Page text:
Two years ago I was not so much trying to decide where or whether to go to grad school as I was reeling from the congratulatory phone calls and squealing every 15 minutes at having won this lottery, unspeakably grateful that I had been “chosen” and, moreover, that I had a reason to move out of my mother’s house. After sending off 17 applications and more than $2000, then sliding into months of extreme anxiety that necessitated medication (this was not helped by checking the MFA blogs every 30 seconds, 16 hours a day), there was no question of whether I would go if I got in. I was going.

Thursday, March 17, 2011

Kazim Ali Leaves an Important Message

I returned home after poetry class, arms loaded with backpack, purse, cell phone, and the mail I’d just snagged on the way up my steep and icy drive. Inside the kitchen, boots stomped off, I hit the blinking play button on my answering machine, all the while opening cupboards, looking for quick food.

A man’s voice streamed out of the machine, his base pitch, the clipped words, and I didn’t recognize any of it, but he was speaking to me about things he thought I should know, something about his mother's heart surgery and not to worry, she was doing fine, but there was more bad news…

At this point, I hit the play button to start over, and what I heard was this, “Hello Elizabeth, this is Kazim Ali, and I just wanted to let you know that my mother had surgery on her heart…”

Monday, February 28, 2011

Little Utopias and Blurring the Lines

Not too long ago, I went to the Walker Art Museum in Minneapolis to watch Utopia in Four Movements, a documentary that generated plenty of buzz at the 2010 Sundance Festival. Created by San Francisco filmmakers Sam Green and Dave Cerf, it turned out to be a documentary and then some, with the extra lime twist of being live. Green was there, in person, on stage, narrating beside a screen that flashed a series of archival and original material, still and moving images. Meanwhile, a live band (The Brooklyn-based group The Quavers) played a live soundtrack. You couldn’t wait and watch this later on DVD or on your iPad or iPhone. You had to be there to watch Green riff on his four examples of 20th-century hopefulness, or you missed it, as simple as that.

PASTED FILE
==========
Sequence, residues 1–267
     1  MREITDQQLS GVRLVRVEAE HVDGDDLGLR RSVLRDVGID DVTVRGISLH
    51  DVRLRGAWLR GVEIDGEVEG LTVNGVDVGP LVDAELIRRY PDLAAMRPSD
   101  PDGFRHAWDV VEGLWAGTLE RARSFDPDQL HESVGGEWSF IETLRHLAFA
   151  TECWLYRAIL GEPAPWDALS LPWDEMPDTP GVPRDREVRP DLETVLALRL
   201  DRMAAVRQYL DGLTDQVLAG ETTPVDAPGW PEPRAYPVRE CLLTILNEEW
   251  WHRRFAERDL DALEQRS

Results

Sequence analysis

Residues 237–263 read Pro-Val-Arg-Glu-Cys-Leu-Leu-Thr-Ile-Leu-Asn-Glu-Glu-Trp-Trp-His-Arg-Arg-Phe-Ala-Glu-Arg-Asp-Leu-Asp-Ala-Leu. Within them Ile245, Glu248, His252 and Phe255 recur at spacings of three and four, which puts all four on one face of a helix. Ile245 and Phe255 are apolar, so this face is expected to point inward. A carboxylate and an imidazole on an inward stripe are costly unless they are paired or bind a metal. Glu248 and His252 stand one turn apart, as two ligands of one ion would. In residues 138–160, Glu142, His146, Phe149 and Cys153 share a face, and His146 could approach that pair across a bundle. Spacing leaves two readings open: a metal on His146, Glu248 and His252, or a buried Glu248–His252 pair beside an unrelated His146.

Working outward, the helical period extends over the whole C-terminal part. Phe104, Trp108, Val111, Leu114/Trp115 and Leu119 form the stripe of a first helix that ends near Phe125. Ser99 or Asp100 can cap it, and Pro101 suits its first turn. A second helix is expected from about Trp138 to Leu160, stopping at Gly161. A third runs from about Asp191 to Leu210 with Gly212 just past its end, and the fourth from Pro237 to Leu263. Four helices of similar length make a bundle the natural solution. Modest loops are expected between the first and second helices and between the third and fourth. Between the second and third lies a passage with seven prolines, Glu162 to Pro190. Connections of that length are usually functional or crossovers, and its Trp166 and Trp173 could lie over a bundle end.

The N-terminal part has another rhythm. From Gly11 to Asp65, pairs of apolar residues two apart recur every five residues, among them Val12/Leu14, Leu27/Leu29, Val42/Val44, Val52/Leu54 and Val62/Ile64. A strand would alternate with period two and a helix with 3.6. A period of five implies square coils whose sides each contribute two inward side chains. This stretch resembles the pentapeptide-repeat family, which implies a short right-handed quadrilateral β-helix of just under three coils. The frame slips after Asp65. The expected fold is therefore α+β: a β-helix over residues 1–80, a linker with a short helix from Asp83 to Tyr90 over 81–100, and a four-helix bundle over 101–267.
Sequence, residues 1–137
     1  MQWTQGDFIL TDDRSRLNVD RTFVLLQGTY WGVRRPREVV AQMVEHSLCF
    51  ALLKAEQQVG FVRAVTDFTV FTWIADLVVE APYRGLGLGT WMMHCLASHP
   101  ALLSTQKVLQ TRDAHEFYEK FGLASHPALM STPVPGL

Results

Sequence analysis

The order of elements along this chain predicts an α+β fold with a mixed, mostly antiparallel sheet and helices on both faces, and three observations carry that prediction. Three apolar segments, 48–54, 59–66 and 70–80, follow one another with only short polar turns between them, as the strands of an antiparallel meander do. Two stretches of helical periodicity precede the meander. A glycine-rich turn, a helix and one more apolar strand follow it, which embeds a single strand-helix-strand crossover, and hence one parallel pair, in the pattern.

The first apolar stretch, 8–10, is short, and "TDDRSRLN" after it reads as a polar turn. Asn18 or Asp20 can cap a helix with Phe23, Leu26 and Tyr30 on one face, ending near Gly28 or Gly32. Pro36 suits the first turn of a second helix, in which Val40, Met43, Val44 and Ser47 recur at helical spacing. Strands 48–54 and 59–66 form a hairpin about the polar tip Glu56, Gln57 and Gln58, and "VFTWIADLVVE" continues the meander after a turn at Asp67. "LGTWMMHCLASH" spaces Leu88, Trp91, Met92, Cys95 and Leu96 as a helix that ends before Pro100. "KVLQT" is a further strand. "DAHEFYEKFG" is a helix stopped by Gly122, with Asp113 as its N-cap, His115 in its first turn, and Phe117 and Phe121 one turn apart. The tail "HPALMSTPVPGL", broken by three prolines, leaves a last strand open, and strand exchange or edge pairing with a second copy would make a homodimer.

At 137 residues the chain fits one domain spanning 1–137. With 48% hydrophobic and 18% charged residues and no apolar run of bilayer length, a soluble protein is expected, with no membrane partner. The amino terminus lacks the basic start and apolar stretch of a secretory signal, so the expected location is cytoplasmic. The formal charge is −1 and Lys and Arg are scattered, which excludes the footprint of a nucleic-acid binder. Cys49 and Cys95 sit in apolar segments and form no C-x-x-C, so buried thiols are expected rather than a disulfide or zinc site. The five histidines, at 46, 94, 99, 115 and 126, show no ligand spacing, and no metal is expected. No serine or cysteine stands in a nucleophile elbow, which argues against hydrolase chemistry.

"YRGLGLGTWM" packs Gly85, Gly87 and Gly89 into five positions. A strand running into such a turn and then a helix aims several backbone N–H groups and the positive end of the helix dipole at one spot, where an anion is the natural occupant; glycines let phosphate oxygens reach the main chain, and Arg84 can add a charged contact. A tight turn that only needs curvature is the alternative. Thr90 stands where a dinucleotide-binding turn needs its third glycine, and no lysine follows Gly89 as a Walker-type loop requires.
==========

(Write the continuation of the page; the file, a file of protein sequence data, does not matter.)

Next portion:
So was it a documentary or a performance that I witnessed with hundreds of others that evening? It was something different, something in between. Naturally, this got me thinking about CNF, which often butts against definition, where the lines between it and other genres constantly get blurred. Part of the excitement of CNF is the way it pushes the boundaries, mutating in directions previously unimagined.

Friday, February 25, 2011

I Swear I'm Not Stalking You, Ira Sukrungruang: My Experience at AWP, Part 2

The side picture is from the Hamline University table at the AWP Bookfair.  (Check out those neat Grout bookmarks.)  For those of you who have never been there, the bookfair is kind of chaotic but a great place to spot some of your favorite writers.  Our table was two tables over from the table run by Sweet, an online literary confection, and often Ira Sukrungruang could be found working there.  I have only read a few pieces by him, but we are reading Talk Thai this semester, I heard him read at Barrie's panel last year, and he is the 2011 Hamline Summer Writing Workshop guest CNF writer, so I was really excited to see him.  Maybe too excited.  I would comment every time he appeared.  "There's Ira again!"  "Or Ira's back, I hope he doesn't notice me looking at him."  But I never had the guts to go introduce myself.

I planned to have Barrie (Barrie Jean Borich, beloved CNF professor at Hamline) introduce me to him after their panel together this year, but I chickened out and she had to dash to a second panel.  The panel they sat on, Bodies Politic, was amazing, though.  And not just because it had such great writers (along with Barrie and Ira it had Judith Barrington, Ann Pancake, Brian Teare, and Kekla Magoon).  Each of the writers said fascinating things about writing about the body and the politics involved sometimes, whether it is because of gender/sexuality issues, disability, geography or regional characters, size concerns, or the intense connection between body and memory.  I could write an entire blog posting just about this panel, but if you ever get a chance to hear these writers speak, or read some of their work, do it.